He is hailed as the man with the golden voice, and his inimitable style earned him fans across generations, but Ameen Sayani, whose body of work traverses a 65-year-long career, admits that he is guilty of having started the voice trend that he is still remembered for.
Legendary broadcaster Ameen Sayani at his office in Colaba. Pic/Satyajit Desai
To put things into perspective, Sayani took us back to how this epiphany occurred, “In early 1950s, All India Radio (AIR) had stopped broadcasting Hindi film music. It was a mad decision, which hit AIR very badly and Radio Ceylon, which was still finding its ground in the radio industry, came up because of that.”
Due to this decision, AIR had become dull. Their only focus, he tells us, was to be serious, which didn’t work well. “Ceylon, on the other hand, asked its broadcasters to have fun on the shows and create energy, of course, without being lewd or vulgar. So, I would do a lot of ‘dhoom-dham’ on my shows, I would be loud with a lot of exclamations, and I would keep modulating my voice. Somehow, that style became so popular that I shuddered to discover that several people were following it around the world and still do,” rues the Padma Shri awardee.
But the moment of realisation came when Sayani got married to Delhi girl Rama Mattoo. A few years after his marriage, his brother-in-law, Raj Mattoo, visited him. “During our chat, he shared that before I got married, one day, my wife had stumbled upon my radio show and didn’t like my talking style such that she requested my brother-in-law to turn off the radio.”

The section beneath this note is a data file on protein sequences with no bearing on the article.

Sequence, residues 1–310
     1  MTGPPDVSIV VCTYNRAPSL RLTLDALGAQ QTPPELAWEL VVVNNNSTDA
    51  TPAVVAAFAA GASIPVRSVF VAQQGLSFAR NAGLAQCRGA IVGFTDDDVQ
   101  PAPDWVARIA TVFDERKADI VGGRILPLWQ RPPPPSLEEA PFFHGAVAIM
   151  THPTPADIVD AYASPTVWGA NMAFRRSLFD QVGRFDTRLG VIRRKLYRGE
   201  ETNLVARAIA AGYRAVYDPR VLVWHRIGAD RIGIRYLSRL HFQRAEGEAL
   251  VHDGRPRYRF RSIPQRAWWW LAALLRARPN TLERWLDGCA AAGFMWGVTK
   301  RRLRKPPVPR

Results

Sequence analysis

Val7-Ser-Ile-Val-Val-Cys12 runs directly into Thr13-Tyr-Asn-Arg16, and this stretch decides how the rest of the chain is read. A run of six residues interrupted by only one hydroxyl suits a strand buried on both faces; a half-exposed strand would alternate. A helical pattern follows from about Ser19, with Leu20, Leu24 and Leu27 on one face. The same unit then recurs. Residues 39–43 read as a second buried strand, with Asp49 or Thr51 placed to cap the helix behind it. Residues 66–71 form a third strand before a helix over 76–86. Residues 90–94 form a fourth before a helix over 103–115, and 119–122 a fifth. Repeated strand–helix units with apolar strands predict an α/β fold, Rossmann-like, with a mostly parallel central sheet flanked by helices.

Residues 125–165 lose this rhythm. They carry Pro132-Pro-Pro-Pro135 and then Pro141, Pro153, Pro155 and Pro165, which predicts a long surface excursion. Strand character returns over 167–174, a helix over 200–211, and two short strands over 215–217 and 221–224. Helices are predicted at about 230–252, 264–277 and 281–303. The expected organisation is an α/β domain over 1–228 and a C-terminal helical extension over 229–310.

It dawned on Sayani that he was speaking like a “madman”. There was no need to yell on radio; “I can be soft and still be entertaining. I changed my style. But till today, I find lots of people using it, so I feel a little guilty about starting this,” he confides.
Sayani, who was initiated into the radio industry at a very young age by his brother Hamid Sayani, is set for a new radio show. Listeners can look forward to being regaled with nostalgic music and interviews hosted by the iconic broadcaster who has dug into his archives.
The elusive Sanjeev Kumar
One of the most unusual persons I handled was actor Sanjeev Kumar. He was very difficult to pin down for an interview. He came to see me on six occasions but never let me record. Each time, he would give some excuse or the other. Finally, when I was compering a big musical show in Pune, where Sanjeev was the chief guest, I got hold of him and we did the interview, then and there! He was very fascinating but eccentric.